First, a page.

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Poisoning suspect's death ruled suicide

Authorities: 'Important information' left in suicide note

Daniel Bondeson, pictured here, worked at a nursing home and on his family's potato farm.
Daniel Bondeson, pictured here, worked at a nursing home and on his family's potato farm.

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Police believe that the prime suspect in the Maine church poisoning case might have had at least one accomplice.
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Police in New Sweden, Maine, are looking at a parishioner in an arsenic poisoning case at a church.
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NEW SWEDEN, Maine (CNN) -- The principal suspect in the arsenic poisonings here left behind a suicide note containing "important information" that requires further investigation into the plot that sickened more than a dozen churchgoers and killed one, authorities said Tuesday.

Authorities did not elaborate on the contents of the note from Daniel Bondeson, 53, who died of a self-inflicted gunshot wound to the chest Friday night after being rushed to a hospital. The state medical examiner's office ruled the death a suicide Tuesday.

Steve McCausland, a spokesman for the Maine Department of Public Safety, confirmed that a note was found in Bondeson's home.

"Investigators say that 'based upon important information contained in that note, we will be continuing our investigation into the poisoning homicide in New Sweden,'" McCausland said.

He said investigators met to discuss the case with representatives of the state attorney general's office, the state police crime laboratory and the chief medical examiner's office.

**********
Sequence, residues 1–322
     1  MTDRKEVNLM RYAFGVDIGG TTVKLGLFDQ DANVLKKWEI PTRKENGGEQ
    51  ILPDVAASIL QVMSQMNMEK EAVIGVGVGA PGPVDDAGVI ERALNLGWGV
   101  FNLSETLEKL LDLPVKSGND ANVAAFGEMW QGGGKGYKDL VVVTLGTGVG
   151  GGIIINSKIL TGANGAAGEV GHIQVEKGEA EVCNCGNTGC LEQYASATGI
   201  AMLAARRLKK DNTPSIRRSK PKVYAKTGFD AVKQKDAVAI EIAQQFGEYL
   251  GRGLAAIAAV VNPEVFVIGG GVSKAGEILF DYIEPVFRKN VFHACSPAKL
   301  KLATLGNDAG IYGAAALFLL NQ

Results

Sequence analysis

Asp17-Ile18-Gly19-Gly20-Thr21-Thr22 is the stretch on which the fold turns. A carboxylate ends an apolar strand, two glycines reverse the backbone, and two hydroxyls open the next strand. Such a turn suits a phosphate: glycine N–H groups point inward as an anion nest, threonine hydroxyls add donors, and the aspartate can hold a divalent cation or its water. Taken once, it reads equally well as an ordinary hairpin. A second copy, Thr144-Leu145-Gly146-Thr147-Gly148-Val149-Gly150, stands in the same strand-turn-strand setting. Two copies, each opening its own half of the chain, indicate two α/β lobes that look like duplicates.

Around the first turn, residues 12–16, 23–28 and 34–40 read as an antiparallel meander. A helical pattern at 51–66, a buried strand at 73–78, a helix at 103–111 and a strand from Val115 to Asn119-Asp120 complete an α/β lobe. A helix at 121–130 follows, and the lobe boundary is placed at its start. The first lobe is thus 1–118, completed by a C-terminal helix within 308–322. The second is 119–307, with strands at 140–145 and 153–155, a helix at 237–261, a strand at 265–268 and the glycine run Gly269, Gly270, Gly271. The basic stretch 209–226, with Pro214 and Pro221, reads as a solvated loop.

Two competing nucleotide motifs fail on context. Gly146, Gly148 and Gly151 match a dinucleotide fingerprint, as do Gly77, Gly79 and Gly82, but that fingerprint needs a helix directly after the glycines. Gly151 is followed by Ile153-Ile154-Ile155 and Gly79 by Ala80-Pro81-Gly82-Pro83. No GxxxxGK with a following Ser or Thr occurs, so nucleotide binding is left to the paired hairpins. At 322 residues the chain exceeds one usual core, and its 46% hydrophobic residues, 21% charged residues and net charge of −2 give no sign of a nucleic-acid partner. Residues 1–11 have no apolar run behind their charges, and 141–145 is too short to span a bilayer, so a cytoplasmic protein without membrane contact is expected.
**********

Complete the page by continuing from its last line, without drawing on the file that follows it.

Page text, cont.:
The poisonings have sent shock waves through this tight-knit community of about 600 in northern Maine. A 78-year-old caretaker of Gustaf Adolph Lutheran Church died, and 15 church members were sickened, three of them critically, after drinking arsenic-laced coffee at the church April 27.

Bondeson attended a bake sale the day before, but authorities have said he was not in the church that Sunday.

Soon after Bondeson's death, authorities said they believed he was linked to the poisonings -- possibly motivated by a church dispute -- and that he might not have acted alone.

"I'm not prepared to say that he acted alone or that he was the person who introduced [the arsenic] into the coffee," Lt. Dennis Appleton of the state police said at a news conference Monday.

Carefully choosing his responses to reporters' questions, Appleton would not comment on any specifics of the investigation or other suspects in the case.

"We never discuss suspects. We just feel we shouldn't stop [with Bondeson]," Appleton said.

He said "church dynamics" might have triggered the poisoning, but he would not elaborate specifically.

"It probably was something that was grinding at some people for some time," Appleton said. "In the end, we may find they don't seem like logical explanations for murder."

It took "some tugging and pulling" to get information from parishioners, Appleton said.

"Perhaps they weren't as candid at first as they could have been," Appleton said. When authorities questioned parishioners, "It was, 'can you tell us anything?' And the answer was no. You go back to them and ask a specific question, and it's, 'OK, I'll tell you about that.' I think they just wanted to be asked specific questions."

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